A More Positive Image of Classical Music

For almost three years, I have done my best on this and other sites to inform people about classical music: what classical music is; the benefits of classical music; how to choose classical music teachers; what kinds of standards there are for classical music teachers; reviews of pedagogical methods for teaching classical music; and many more. In almost every instance, I have received negative comments from other music teachers or proponents of other genres of music because I am violating their preconceived assumptions about the teaching of classical music.

Two men in evening dress gesticulate while a crowd of elegantly-dressed men and women look on

Argument in the Corridors of the Opera, 1889
Jean Béraud

In all these cases, statements must necessarily be general and are not intended to apply to any specific individual, and yet most music teachers who leave comments seem to feel that I am targeting them directly. As a music teacher, I have seen far too often the results that come from complacency, and teachers who leave negative comments are often a part of the problem. In whatever case, a negative comment adds to the unhappiness of the world. Negativity tends to draw negativity and detracts from the overall image of classical music and music teachers. So I urge everyone, the next time you read an article and feel impelled to fire off a comment criticizing the author (and it is not only I who author these articles), instead look to yourself. Does the article point out areas where you are deficient or can improve? Can you learn something from the article? Instead of leaving a negative comment, if you must say something, write a post on your own blog or website with an opposing point of view, pointing out the positives of your own approach, or thank the author for giving you ideas for your own business. And remember abundance thinking, and that “what goes around, comes around.” The field of classical music in the United States is full of backstabbing, politics, sniping and just plain meanness. However, my own students have proven, over and over again, that there is enough opportunity for anyone who is willing to create it. Remember that when you encourage another musician, you create more opportunities both for that person and for yourself, too.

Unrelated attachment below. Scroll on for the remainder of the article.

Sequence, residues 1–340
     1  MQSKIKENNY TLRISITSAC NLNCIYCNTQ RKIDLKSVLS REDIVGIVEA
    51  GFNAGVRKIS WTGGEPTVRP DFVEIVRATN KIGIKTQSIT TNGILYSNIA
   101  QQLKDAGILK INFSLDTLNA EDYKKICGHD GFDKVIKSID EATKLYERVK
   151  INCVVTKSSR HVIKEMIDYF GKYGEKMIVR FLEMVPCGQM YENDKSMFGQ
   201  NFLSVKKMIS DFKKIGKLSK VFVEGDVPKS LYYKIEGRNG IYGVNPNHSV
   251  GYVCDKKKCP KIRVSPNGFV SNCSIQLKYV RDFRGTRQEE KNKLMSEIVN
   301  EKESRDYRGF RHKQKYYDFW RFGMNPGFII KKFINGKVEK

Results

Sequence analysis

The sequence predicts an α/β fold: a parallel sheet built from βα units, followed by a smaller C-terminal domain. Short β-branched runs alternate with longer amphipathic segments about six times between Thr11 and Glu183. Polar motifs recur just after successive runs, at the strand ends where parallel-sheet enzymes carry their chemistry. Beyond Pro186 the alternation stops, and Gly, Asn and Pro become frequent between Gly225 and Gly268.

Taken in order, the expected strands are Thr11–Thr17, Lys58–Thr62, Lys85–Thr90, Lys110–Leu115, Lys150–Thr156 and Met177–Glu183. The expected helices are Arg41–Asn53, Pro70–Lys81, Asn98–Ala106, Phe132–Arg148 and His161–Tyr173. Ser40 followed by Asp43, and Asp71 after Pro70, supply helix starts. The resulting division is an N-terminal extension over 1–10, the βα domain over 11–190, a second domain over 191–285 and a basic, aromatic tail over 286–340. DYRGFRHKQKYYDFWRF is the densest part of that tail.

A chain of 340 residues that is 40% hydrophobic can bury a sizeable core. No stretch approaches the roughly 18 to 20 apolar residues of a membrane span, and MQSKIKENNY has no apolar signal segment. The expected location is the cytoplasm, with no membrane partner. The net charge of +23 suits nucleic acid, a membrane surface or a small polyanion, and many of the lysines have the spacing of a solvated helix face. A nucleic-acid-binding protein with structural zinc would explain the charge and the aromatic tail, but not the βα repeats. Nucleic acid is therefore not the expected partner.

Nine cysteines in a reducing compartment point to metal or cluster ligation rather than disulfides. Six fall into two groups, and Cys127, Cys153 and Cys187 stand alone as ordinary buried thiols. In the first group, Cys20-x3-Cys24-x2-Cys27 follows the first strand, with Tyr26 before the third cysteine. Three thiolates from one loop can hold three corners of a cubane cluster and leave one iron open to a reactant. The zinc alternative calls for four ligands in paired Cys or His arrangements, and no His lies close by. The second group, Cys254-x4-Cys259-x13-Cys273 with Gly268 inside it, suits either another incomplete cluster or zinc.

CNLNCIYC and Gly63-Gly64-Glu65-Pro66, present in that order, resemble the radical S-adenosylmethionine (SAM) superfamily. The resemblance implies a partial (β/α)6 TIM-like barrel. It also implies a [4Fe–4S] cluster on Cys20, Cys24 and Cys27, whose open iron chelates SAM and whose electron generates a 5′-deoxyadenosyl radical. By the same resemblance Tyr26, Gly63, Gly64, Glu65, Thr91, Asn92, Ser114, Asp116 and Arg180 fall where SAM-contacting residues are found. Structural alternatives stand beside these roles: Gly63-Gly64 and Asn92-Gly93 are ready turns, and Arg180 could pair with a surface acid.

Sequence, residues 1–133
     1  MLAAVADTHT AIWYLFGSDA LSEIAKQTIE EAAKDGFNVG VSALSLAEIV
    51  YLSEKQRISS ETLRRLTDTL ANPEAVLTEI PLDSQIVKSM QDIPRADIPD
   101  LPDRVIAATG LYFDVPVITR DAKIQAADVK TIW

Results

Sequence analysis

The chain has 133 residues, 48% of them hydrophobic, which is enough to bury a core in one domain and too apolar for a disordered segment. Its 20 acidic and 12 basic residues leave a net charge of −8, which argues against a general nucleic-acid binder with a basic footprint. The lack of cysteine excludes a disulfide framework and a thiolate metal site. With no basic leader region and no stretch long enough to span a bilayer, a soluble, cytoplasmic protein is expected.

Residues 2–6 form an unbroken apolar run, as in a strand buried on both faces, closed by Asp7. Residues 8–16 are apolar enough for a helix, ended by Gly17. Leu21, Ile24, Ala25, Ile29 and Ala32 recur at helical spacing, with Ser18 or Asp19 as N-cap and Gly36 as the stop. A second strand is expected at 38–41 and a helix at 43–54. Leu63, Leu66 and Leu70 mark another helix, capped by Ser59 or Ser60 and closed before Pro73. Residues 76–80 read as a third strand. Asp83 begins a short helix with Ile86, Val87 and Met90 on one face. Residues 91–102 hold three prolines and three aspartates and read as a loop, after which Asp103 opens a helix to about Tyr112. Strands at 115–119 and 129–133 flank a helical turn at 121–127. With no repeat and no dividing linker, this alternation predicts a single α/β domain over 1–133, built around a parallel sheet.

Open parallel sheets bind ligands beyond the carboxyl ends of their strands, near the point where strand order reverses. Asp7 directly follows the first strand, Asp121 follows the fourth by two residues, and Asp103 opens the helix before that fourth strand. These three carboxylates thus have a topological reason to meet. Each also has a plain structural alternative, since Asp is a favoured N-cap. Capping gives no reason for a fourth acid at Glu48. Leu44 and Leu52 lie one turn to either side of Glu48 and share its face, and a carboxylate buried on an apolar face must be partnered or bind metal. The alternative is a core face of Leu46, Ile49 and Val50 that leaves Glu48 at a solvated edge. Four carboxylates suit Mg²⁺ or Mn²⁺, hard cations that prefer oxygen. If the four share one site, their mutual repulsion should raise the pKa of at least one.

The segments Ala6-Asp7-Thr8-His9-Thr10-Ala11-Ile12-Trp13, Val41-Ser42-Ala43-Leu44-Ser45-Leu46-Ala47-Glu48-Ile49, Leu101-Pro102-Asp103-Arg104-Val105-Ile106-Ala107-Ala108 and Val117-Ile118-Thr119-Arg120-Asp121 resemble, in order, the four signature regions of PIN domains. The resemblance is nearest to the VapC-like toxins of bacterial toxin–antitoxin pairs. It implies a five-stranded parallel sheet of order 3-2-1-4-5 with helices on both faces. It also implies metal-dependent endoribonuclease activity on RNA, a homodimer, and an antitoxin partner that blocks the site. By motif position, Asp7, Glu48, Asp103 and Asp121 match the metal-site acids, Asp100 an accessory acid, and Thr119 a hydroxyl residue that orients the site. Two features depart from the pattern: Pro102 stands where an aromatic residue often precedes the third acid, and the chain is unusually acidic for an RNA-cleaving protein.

We must work to change the attitudes of musicians who are still thinking from a scarcity viewpoint. We can create boundless opportunities for everyone interested in a full-time career in music. However, creating those classical music opportunities requires a shift in our thinking, and a willingness to take personal responsibility for our actions.

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